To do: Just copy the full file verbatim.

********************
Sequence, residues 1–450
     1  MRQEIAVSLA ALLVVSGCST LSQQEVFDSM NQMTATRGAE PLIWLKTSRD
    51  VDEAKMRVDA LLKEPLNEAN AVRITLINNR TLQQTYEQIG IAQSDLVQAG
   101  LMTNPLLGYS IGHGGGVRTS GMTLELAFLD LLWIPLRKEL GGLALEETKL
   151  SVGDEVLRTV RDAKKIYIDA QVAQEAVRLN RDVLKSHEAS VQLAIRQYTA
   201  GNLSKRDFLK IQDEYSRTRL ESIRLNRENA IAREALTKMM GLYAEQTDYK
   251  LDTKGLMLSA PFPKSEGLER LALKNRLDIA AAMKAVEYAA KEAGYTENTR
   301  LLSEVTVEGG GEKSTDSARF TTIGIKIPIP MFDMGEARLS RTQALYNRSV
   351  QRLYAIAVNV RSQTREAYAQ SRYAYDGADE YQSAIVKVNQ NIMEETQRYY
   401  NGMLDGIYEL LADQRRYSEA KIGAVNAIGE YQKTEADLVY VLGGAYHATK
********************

Sequence, residues 1–450
     1  MRQEIAVSLA ALLVVSGCST LSQQEVFDSM NQMTATRGAE PLIWLKTSRD
    51  VDEAKMRVDA LLKEPLNEAN AVRITLINNR TLQQTYEQIG IAQSDLVQAG
   101  LMTNPLLGYS IGHGGGVRTS GMTLELAFLD LLWIPLRKEL GGLALEETKL
   151  SVGDEVLRTV RDAKKIYIDA QVAQEAVRLN RDVLKSHEAS VQLAIRQYTA
   201  GNLSKRDFLK IQDEYSRTRL ESIRLNRENA IAREALTKMM GLYAEQTDYK
   251  LDTKGLMLSA PFPKSEGLER LALKNRLDIA AAMKAVEYAA KEAGYTENTR
   301  LLSEVTVEGG GEKSTDSARF TTIGIKIPIP MFDMGEARLS RTQALYNRSV
   351  QRLYAIAVNV RSQTREAYAQ SRYAYDGADE YQSAIVKVNQ NIMEETQRYY
   401  NGMLDGIYEL LADQRRYSEA KIGAVNAIGE YQKTEADLVY VLGGAYHATK